Marbella Twenty-Thirteen | Andalucía’s Gem
While Anglo-Spanish relations may have soured of late over that small little lump of rock Gibraltar which, like many such British overseas territories, remains rather bizarrely a part of the British Empire despite being actually attached to Southern Spain, the sun-baked Iberian Peninsula and in particular the Costa del Sol, remains the number one destination for sun-seeking Brits every summer. Now ordinarily, I would find the concept of coach-loads of drunken sunburnt Britons to be one so sufficiently abhorrent that it should be avoided at all costs. And indeed, along much of Spain’s coast, you wouldn’t see me amongst the larger louts and the empty fish and chips cartons for toffee. But happily there remains one bastion, in amongst this coast of over-developed tourist tat, where champagne, rather than San Miguel is the preferred tipple, and whose old town is so exquisite as to be a gem of Andalucía.
I am of course talking about Marbella, which despite being more popularly labelled “Marbs” these days owing to the minor polluting influence of visits from the tack-happy residents of Essex, has remained a city synonymous with quality, with the good life, and with the beauty of its streets, its harbours, its beaches and its people. Marbella is undoubtedly one of my favourite cities in all the world, but not for its beaches and gold-plated yacht-filled marinas – rather I am seduced because with its Andalucían flavours, its embrace of Spanish heritage, its collections of art and clusters of small private galleries, and its offerings of some of the most charming plazas and cobbled streets in all of Spain, it is simply a paradise on earth.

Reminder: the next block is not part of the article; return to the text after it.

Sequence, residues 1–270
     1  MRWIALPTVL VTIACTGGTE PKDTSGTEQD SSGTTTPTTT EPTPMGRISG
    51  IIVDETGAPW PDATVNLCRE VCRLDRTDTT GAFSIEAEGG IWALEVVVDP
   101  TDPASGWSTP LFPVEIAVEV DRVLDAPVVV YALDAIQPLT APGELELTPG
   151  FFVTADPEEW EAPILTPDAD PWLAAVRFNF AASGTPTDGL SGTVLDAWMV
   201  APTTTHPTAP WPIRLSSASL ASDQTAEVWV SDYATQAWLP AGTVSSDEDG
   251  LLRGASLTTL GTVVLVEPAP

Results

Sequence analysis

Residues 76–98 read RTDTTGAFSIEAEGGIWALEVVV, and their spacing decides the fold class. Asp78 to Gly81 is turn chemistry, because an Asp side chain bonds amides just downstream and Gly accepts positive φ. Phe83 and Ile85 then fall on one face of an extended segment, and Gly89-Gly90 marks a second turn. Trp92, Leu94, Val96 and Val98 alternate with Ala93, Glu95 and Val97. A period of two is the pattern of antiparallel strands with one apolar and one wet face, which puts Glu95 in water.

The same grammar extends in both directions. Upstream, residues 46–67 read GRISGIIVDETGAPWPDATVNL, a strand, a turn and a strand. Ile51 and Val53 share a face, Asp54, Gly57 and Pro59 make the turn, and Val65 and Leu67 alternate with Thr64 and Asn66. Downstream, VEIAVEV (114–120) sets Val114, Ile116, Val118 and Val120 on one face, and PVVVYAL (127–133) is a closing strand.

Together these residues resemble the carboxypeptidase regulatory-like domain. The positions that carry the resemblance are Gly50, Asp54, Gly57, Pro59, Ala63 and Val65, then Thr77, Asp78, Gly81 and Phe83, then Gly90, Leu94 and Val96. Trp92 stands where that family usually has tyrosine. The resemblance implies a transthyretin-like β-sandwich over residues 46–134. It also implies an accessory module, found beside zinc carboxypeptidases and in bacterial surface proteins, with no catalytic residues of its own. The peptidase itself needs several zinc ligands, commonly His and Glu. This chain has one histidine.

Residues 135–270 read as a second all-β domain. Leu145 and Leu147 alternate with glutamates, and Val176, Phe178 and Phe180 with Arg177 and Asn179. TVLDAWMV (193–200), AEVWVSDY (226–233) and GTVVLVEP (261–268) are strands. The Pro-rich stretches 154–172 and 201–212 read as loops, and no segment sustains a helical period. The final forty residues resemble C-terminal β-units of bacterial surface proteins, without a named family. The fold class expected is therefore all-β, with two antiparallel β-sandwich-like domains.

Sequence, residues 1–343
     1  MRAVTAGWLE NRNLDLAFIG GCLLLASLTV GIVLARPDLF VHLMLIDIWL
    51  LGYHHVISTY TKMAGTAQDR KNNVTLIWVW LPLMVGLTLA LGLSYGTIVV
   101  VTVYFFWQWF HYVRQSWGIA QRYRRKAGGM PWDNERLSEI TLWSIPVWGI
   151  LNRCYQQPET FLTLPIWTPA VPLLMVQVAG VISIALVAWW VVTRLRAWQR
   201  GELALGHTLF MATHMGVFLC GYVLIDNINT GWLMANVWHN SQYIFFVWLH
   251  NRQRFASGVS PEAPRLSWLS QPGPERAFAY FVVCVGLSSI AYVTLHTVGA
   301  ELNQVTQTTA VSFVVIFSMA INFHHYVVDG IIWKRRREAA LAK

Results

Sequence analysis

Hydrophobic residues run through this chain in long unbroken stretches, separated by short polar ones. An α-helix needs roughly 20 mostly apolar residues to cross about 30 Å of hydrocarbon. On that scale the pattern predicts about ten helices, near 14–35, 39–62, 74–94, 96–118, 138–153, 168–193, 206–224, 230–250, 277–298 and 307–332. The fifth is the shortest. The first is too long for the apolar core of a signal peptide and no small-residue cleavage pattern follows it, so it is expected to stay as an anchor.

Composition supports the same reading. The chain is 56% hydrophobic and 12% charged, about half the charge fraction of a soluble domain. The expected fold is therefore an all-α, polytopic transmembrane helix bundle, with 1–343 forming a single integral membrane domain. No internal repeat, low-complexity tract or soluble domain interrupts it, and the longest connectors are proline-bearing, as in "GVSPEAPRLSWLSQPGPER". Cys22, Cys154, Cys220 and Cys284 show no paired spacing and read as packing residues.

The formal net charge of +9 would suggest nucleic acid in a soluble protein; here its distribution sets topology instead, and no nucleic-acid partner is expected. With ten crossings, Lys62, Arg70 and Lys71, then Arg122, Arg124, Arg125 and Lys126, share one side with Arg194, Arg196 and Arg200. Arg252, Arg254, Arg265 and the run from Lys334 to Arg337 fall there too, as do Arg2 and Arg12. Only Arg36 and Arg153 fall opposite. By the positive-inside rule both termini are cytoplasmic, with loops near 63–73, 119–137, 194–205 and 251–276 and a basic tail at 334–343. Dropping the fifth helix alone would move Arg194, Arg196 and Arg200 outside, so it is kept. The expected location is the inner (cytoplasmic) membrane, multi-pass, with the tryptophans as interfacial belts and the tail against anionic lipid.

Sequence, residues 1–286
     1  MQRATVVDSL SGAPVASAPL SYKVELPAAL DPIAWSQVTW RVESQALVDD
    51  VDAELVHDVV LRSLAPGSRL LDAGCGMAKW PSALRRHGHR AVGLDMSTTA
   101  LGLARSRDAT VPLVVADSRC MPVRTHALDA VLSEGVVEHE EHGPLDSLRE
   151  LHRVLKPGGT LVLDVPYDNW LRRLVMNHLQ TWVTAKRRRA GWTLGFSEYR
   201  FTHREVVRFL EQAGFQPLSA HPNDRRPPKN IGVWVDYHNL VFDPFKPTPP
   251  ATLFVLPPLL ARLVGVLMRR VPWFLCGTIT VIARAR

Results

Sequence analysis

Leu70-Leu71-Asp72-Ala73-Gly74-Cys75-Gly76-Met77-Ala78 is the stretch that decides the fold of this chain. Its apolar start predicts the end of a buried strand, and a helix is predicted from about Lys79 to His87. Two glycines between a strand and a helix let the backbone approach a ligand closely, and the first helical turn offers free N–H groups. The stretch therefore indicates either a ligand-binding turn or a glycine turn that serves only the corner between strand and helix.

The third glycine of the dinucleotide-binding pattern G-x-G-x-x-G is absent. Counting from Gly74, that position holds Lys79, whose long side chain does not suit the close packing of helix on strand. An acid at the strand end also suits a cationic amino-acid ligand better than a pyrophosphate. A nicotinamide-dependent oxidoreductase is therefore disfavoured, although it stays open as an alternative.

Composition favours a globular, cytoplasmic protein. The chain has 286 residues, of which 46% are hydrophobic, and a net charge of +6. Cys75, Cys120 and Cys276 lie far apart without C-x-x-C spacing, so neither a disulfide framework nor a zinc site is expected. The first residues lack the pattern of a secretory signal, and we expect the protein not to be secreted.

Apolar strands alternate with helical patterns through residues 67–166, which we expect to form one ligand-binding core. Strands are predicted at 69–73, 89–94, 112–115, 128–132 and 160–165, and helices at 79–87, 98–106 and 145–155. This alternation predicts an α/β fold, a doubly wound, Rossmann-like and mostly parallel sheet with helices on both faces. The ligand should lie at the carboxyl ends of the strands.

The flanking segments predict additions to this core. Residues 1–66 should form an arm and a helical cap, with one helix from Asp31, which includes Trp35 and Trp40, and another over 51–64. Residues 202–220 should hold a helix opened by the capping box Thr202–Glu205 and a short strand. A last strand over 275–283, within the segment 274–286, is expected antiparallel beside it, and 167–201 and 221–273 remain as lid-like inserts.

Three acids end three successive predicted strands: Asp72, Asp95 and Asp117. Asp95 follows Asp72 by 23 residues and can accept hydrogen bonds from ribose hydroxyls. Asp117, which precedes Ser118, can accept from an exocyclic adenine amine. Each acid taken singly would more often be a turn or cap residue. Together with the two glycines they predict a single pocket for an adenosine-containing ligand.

Luckily for me, my family have a small old house right in the heart of the winding maze of streets which make up Marbella’s Casco Antiguo (old town), and as a result, over the 11 years in which we have owned the house, I have come to call Marbella my second home. Consequently, there could be no question that I would return to my sunny homeland when I turned the big 3-0 this summer – for two weeks of celebrations which would help to dilute the somewhat daunting horror felt at turning such a ripe old age.
What will follow, therefore, is a series of posts devoted to those two weeks of sea, sun and Spanish seduction, from several collections of photos and a visit to nearby Malaga, to the art works I painted, and the dinners I enjoyed. I start the series with my first set of snaps, these exploring the unhampered charm of Marbella’s old town.
Sometimes, when I walk out of my own front door straight onto the white washed streets of Andalucía, dazzling in their white simplicity against the bluest of skies, and contrasting against the vivid pinks of the abundant floral sprays climbing up the old cracking walls, I have to pinch myself. For living inside of a postcard world always makes you feel a bit like you’re dreaming. Yet in this very knowledge, I cannot help but act like a tourist on every walk around Marbella, for even though I have seen these streets and sights several hundred times before, I cannot help but feel that in my own small way, I must pay homage to their stunning beauty.
The photos on this post are a part of that homage, a dedication to the charming narrow streets, the squares bustling with parasol-covered restaurants and refreshed by the trickle and splatter of the old town’s many stone fountains, to the vivid colours of the richly painted facades, and to the simple glory of old churches, ancient stone walls, and neatly cobbled streets.
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